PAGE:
Managing Yard Pests
It is unrealistic, and even unwise, to strive for an insect-, disease- and weed-free yard. Many insects are beneficial, helping to keep pests under natural control. Many other insects simply coexist with humans causing us no harm. Many different kinds of insects are found in and around our homes, gardens, and yards. Most of these insects are completely harmless and may even provide valuable services for us. It may be easy for many of us to recognize lady beetles and praying mantids, but there are many other beneficial insects that attack yard pests. We call them, the good guys!
Carolina Yards Spotlight: Lawn Care Tips - Weeds and Pests
Manage Yard Pests Action Checklist:
- Learn to identify five beneficial insects that provide natural control of harmful pests.
- Avoid routine applications of pesticides. Treat only affected areas rather than spraying your entire lawn or yard. When using pesticides, the label is the law. Require that your maintenance company, if used, follow these strategies.
- Wherever possible use non-chemical approaches to pest control; cultural controls such as pruning of affected areas, hand-removing insects and clearing away diseased debris are all ways to reduce pest populations naturally.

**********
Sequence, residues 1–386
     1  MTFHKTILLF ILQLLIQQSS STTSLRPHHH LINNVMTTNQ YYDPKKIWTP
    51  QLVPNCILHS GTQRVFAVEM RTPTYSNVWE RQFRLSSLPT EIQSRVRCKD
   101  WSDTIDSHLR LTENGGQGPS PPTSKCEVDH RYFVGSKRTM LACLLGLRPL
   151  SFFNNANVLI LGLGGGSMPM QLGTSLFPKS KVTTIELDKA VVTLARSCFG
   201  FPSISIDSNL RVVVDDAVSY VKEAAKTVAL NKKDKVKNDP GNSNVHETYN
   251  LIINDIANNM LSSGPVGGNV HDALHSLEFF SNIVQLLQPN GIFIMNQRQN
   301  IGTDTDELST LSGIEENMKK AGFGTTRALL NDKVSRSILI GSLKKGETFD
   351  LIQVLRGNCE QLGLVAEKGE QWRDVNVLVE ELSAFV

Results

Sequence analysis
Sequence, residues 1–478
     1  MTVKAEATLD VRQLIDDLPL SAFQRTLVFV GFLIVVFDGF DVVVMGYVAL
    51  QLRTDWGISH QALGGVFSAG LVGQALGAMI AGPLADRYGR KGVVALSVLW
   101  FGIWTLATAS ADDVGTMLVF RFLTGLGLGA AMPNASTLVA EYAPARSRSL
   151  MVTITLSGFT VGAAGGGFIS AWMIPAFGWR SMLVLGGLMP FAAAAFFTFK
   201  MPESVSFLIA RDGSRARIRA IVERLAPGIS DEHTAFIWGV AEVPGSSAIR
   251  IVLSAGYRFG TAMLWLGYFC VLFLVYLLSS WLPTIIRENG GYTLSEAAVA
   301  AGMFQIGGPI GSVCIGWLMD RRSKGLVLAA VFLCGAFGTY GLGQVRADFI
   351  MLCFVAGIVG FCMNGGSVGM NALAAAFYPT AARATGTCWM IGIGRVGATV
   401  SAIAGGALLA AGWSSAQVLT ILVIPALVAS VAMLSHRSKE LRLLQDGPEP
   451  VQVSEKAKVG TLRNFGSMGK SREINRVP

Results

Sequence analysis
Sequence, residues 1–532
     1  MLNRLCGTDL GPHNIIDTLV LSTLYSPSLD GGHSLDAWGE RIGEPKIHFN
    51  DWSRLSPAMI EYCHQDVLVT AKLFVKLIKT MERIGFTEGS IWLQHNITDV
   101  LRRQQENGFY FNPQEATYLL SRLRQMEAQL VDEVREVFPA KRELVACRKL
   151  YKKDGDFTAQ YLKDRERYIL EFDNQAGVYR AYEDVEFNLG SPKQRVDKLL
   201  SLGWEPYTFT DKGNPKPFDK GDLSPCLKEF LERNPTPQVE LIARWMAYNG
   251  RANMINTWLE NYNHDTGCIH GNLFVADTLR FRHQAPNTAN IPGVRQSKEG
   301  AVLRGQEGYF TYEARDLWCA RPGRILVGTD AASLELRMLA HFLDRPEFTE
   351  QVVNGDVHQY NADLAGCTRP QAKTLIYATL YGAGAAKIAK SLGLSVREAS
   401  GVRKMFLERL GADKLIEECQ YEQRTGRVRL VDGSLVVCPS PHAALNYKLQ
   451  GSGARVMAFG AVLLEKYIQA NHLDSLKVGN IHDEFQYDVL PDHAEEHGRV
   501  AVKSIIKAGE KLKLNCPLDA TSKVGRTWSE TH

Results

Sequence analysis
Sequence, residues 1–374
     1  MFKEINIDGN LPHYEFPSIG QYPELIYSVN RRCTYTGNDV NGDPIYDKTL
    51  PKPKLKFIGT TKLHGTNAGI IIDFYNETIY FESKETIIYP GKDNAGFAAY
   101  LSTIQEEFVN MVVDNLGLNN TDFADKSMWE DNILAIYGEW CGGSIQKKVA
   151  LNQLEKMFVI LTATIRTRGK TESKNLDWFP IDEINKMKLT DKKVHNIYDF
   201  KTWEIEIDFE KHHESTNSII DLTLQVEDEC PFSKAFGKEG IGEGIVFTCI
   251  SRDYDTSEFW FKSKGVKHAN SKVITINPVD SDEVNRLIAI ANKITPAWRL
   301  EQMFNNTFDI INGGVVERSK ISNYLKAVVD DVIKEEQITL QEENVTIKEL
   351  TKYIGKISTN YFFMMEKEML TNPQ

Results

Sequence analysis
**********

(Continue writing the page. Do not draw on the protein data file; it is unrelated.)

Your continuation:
- Use lower toxicity pesticides such as horticultural oils, insecticidal soaps, and biological controls. These effective, safe materials can control most plant pests.
Did you know?
Communities and individuals are successfully managing pests by protecting beneficials and reducing the use of pesticides by using a management process known as Integrated Pest Management (IPM).
The pesticide label will tell you what amount to use for different target sites. Never use more than the label says. Overuse can injure plants and harm beneficial insects. In fact, if the label states a range of the amount of pesticide to use, you should use the least amount listed.